Developing your professional digital identity or personal branding

Which domains do you need? Web Worker Daily answers this timely question. I just had a conversation with a colleague at lunch yesterday about digital identity and developing a digital presence. One step in developing a digital identity is to figure out what your website moniker should be, which then of course can be used for email, too. I’ve been thinking a lot lately about digital identity lately. I think it is going to be a huge issue in the future. It’s not just about distinguishing what is yours (or is about you) but perhaps, more importantly, who is NOT you and what is NOT by you.

I’ve learned about digital identity the hard way. In the late 90s, I bought a domain (.com) and a lawyer in LA bought the corresponding .net name, within a few months.
Happens all of the time, right? 8 years later, I am still receiving PERSONAL and business correspondence directed to either Arthur or his family. Unfortunately, I know entirely too much about this family and his business (which now seems to encompass IT training, too, adding another layer of potential confusion of our identities) . I’ve tried various tactics — contacting his office (no response), contacting him via his domain (no response), ignoring the emails, directing them into spam box, or emailing back the originator of the email. I’ve tried being nice and not quite so nice. Generally the most effective response has been a rather harsh message to the originator a “you don’t know who I am but you just sent me photos of your children!”

Am I stalker? Absolutely not. Someone associated with this domain does not understand the difference between .net and .com and gave out the wrong email address. Since then it’s perpetuated, putting me on school function listservs and more. It has decreased in the last year. I am not sure if that is because I’ve started being more harsh with my emails or if people are wising up that .com does not equal .net.

I’ve also considered letting the domain lapse and starting fresh, but what is to guarantee this won’t happen again with a .me or .tv domain?

Given that I can’t control all of the people who have the same name as I (and the converse being true), I can control some of the information that is available online about me and try to bring some kind of order to it. In other words, I can cultivate and develop my digital identity.

To me developing a digital identity is commonsense and a necessary part of being an information professional. If you do not develop your digital identity, chances are that someone else will, and in might not be to your best interest.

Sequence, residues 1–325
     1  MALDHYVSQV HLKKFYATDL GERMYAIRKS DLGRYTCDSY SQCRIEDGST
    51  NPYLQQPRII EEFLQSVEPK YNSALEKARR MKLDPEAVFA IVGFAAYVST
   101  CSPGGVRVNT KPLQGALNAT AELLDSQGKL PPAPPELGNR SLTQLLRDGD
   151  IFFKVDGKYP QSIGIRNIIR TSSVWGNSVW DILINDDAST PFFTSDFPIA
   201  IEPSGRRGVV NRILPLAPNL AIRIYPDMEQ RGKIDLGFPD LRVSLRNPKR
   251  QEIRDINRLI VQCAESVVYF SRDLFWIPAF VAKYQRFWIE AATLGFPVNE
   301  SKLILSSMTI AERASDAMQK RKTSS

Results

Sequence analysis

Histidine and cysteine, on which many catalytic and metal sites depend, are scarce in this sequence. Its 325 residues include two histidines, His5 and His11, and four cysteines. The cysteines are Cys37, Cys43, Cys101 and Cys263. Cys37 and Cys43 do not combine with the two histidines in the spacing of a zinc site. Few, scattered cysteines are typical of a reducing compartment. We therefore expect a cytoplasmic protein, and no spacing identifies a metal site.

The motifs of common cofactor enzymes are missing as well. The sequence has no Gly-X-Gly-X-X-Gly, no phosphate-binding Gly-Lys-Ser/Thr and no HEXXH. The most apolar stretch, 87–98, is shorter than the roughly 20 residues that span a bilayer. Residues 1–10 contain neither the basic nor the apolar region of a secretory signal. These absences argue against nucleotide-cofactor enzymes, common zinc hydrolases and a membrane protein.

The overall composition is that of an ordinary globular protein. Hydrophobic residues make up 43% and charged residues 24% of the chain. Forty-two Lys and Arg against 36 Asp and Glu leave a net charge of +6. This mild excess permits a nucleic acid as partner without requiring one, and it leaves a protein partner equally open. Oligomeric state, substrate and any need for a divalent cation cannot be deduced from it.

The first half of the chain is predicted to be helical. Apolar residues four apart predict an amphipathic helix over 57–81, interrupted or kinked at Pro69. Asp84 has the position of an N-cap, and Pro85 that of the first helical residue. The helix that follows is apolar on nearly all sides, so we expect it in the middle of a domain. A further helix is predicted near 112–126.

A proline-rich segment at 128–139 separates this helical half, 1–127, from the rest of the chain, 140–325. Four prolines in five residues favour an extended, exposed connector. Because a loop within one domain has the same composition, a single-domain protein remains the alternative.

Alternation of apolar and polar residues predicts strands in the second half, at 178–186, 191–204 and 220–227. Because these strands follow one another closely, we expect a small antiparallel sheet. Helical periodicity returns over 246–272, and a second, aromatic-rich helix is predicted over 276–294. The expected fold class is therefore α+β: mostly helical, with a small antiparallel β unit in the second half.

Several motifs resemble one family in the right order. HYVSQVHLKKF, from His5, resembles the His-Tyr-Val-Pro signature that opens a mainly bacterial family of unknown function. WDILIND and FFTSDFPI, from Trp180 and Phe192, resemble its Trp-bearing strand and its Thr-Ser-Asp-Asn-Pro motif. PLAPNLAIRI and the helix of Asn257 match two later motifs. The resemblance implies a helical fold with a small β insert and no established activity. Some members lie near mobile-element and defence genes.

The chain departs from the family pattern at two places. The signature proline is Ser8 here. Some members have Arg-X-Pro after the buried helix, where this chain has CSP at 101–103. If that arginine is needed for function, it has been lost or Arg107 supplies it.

So, in that vein, here are my tips:

  • Decide what your professional digital identity will be. First name + last name? First initial + last name? Make it easy to remember and be consistent.
  • Buy your namesake in .com and .net AT LEAST. At this point, these are the most common and most likely to confuse people. If you have an alternate identity/company/web name that you would like to use as a web presence, buy those in .com and .net, too. If you want to buy a nonprofessional domain address, that’s fine, but it probably shouldn’t be your professional identity (unless, it somehow relates to your business).
  • Use your chosen digital identity (web name) at professional/social networking sites, e.g., facebook, linkedin, namyz, and other web2.0+/social networking sites. Even if you do not actively use them, you will have “claimed” that user name.
  • Think before you link. On any of your professional websites, link to those resources that reflect the professional you. If you blog professionally, call your blog whatever you want, but make sure your professional web name is tied to it.
  • Use digital identity services like ClaimID and openid to pull together your content; use social aggregators to create online portals of all of your content.
  • Create at least one professional website: a CV, a portfolio, a resume. Put some effort into it and make sure that it presents the image that you want to present …and don’t forget the metadata!
  • Finally, don’t wait too long to develop your digital identity. If you’re looking for a new job or changing careers, your digital identity should already be in place.
  • Google yourself at least once a year to see what it out there.

The added bonus of using openid is that one login is good across all sites that support openid. If I understand openid correctly, it is kind of like a paypal for IDs. Your original information is never shared, but is protected behind the openid login.

Another way to look at developing a digital identity is that it is a form of personal branding. Chris Brogan writes alot on personal branding. I didn’t read his quick branding tips prior to my post on digital identity, but there is a lot in common.

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